Two Metropolitan Theatres in downtown Santa Barbara are newly equipped with permanent hearing loops to assist hearing-impaired individuals.
The technology that locally based OTOjOY installed also is used at other entertainment venues, government and education spots, museums, places of worship and senior facilities in Santa Barbara and throughout California.
The Manitou Fund’s financial assistance of about $100,000 allowed the permanent installation of the state-of-the-art technology for the hard of hearing at four Metro 4 screens and two at Fiesta 5 movie theaters.
The hearing loop delivers a distortion-free sound directly to the listener, said Nora McNeely Hurley, a trustee and chief program officer of the Manitou Fund. Sounds are crystal-clear, she said.
In addition to using the hearing loop technology at public places, Hurley has installed it at home.
“It was a night and day change from what I had been experiencing,” Hurley said. “I no longer had to read subtitles with television.”
A handful of popular venues in Santa Barbara, including the Marjorie Luke Theatre and Santa Barbara Bowl, were looped thanks to the Manitou Fund.
Hearing loss can often keep people from doing what they love. The dream is to have all venues in Santa Barbara looped, Hurley said.
Hurley, who has hearing loss, enjoys the performing arts and cares deeply about the community.
She wants people to attend performances “they have been missing because of hearing loss.”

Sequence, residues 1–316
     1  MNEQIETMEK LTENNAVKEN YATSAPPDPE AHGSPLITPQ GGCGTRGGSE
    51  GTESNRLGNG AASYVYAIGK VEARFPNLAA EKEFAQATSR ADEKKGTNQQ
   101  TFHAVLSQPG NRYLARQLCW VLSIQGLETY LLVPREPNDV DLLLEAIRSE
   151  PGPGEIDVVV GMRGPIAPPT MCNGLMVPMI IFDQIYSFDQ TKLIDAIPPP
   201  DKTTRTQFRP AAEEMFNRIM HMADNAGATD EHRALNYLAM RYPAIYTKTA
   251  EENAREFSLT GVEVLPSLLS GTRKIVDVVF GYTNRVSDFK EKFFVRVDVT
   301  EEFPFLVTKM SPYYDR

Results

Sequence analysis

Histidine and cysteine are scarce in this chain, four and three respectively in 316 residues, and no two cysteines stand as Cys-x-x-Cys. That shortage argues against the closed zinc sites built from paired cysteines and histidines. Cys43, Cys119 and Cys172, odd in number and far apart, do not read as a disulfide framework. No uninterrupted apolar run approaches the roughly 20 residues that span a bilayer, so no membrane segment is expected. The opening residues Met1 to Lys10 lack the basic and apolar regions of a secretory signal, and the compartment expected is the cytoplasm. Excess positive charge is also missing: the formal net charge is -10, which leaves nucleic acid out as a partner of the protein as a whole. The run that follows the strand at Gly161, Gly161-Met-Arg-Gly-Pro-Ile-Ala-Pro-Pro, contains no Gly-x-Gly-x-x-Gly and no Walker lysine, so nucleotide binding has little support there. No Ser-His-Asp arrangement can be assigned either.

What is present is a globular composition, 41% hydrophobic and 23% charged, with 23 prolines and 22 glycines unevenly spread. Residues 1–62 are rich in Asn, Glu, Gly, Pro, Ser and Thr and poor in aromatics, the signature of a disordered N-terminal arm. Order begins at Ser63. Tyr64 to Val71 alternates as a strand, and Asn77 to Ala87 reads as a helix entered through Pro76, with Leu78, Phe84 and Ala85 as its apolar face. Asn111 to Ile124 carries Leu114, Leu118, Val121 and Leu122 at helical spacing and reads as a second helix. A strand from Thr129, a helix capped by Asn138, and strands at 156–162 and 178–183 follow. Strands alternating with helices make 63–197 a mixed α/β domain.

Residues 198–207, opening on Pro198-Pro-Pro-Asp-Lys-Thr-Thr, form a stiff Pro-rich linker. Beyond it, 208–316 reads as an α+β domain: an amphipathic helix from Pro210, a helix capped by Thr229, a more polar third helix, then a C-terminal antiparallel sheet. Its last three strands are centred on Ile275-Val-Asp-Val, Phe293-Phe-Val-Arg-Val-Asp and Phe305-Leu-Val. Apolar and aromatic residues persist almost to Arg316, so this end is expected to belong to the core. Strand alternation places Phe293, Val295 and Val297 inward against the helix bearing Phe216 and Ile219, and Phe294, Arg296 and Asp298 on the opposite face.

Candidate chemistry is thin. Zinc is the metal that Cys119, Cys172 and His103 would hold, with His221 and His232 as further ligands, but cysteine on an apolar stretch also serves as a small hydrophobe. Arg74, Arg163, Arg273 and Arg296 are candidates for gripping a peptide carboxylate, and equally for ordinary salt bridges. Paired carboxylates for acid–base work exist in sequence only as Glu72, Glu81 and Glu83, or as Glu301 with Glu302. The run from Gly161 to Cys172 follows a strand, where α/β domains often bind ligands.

“You can now access the best sounds in the house,” Hurley continued. “I wanted others like me to enjoy film and performances to the fullest potential, which they were not without a hearing loop.”
The technology is installed just in time for the 35th Santa Barbara International Film Festival that starts on Wednesday.
SBIFF auditoriums, including the Lobero, Arlington and Riviera theatres provide the hearing loop system. Every theater participating in the film festival will offer the technology, according to SBIFF Development Manager Shannon Kelley.
“Part of our mission is to make the world of film and filmmaking accessible to everyone, so we are incredibly proud to partner with the Manitou Fund on this project,” SBIFF Executive Director Roger Durling said in a statement.
About 23 percent of U.S. population over the age of 12, more than 60 million people, are affected by hearing loss in at least one ear, according to OTOjOY.
Hearing loss affects about 90,000 residents in Santa Barbara County, according to the company.
The hearing loop technology allows people with cochlear implants and hearing aids to hear the production as the sound is projected directly to their hearing devices using magnetic fields.
The device turns into wireless earphones that broadcast sound customized for the wearer’s hearing loss by flipping a switch on hearing aids or cochlear implants, OTOjOY’s founder Thomas Kaufmann said.
The loop minimizes background noise, and several people with a compatible, telecoil-enabled hearing device can access it.
People also can use a portable loop receiver.
The hearing loop can be beneficial for people with autism spectrum disorders as well, Kaufmann added.
“The huge benefit of a hearing loop system compared to other listening technology is that people with hearing aids and cochlear implants can directly connect to the system,” Kaufmann said. “They (people) don’t need to borrow any equipment.
“They just walk in,” he continued. “Press a button on the hearing device and they are tapped right into the hearing system.”